Funds given to minors do not need to be repaid.
For a list of other abortion funds click here. For a list of clinics that provide abortions in Minnesota, South Dakota, North Dakota, Iowa, and Wisconsin click on Clinic List 2016.
If there’s any questions or concerns, please contact us at 612-825-2000 ext. 1.
If we are going to end Reproductive Oppression in Minnesota and the Midwest, advocating for Reproductive Justice must be an integral part of our lives. People need to know that everyone deserves the right to have children, not have children, and to parent the children they have in healthy and safe environments. We can make this happen by educating ourselves, our communities, and our policy makers about the barriers people and families face in accessing reproductive health care and raising children, and how those barriers are a direct result of systemic forms of oppression that target people based on their race, sex, sexual orientation, class, gender, sexuality, ability, age, and immigration status.
Sound like something you want to be a part of? Fill out the form below. We will invite you to one of our regular volunteer trainings/workshops where you will increase your understanding of Reproductive Justice, develop your personal narrative around reproductive justice, and gain the tools necessary to become a reproductive justice advocate.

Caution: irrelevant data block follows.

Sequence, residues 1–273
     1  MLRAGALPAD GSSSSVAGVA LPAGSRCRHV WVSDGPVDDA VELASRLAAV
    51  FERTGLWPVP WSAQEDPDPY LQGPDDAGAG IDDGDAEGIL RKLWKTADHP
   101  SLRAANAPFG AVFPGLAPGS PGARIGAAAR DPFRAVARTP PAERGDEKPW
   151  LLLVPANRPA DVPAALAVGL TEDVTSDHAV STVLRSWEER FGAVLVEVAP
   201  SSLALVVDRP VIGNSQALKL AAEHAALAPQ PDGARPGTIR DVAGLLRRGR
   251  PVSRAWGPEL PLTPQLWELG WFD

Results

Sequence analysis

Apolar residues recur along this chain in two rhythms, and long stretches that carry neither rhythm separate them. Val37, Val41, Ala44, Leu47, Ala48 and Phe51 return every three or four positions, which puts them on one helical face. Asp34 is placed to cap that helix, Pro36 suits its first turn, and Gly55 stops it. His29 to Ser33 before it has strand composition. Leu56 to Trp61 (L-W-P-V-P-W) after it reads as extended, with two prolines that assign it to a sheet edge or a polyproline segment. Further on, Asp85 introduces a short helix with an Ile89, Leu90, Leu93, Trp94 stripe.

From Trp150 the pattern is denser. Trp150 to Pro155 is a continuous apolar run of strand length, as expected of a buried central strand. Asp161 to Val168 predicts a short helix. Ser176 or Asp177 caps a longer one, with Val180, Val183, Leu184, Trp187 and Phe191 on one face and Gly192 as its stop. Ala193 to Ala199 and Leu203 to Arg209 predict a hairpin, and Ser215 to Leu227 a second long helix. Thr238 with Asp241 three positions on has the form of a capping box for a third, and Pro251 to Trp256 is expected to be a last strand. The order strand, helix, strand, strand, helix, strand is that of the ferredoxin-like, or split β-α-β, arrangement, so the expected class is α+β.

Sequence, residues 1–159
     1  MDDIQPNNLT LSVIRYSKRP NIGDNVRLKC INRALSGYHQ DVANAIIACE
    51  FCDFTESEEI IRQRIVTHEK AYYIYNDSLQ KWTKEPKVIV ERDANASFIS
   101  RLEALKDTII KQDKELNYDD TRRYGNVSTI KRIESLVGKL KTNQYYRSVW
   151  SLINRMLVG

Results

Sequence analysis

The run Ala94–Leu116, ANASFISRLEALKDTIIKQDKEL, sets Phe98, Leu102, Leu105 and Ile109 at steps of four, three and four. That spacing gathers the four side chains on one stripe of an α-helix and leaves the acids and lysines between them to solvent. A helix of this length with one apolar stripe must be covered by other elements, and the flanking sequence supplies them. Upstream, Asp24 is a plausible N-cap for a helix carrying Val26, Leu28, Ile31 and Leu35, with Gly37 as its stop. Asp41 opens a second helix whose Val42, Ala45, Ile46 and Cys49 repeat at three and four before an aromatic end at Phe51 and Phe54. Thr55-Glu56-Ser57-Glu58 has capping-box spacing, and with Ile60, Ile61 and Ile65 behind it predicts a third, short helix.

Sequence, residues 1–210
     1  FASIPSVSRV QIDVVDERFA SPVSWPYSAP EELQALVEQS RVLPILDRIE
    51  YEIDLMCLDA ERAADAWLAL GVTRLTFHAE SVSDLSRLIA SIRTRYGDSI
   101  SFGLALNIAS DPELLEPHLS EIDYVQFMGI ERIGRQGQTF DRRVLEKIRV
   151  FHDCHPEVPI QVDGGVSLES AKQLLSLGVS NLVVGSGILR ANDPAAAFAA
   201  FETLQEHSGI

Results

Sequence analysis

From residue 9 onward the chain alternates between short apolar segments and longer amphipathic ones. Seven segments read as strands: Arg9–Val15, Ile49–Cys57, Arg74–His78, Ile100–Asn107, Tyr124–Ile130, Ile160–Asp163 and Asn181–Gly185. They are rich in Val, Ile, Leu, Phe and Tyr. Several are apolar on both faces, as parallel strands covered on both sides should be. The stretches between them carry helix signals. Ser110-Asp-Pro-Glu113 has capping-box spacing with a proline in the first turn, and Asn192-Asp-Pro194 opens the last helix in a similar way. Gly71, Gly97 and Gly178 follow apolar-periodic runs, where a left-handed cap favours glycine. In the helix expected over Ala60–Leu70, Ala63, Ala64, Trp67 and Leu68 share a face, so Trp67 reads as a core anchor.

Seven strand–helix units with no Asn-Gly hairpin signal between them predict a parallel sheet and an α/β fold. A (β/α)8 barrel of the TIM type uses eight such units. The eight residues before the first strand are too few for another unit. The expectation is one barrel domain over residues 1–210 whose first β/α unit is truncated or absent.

We also facilitate Reproductive Justice Educational Gatherings at people’s homes or a venue of their choosing. This is a great opportunity to bring together the people in your life and to connect about the issues you care about.
Pro-Choice Resources is working to end reproductive oppression through:
Human rights violations based on sexual and reproductive health will end when we equip individuals and communities to leverage their power for effective grassroots change.
Pregnant people will only be able to make the decisions that are best for themselves and their families when they have access to unbiased information and assistance, and they can have an abortion, make an adoption plan or decide to parent without stigma.
We will continue to have our human rights violated until we have access and education to unbiased information about our bodies, sexuality and reproductive health.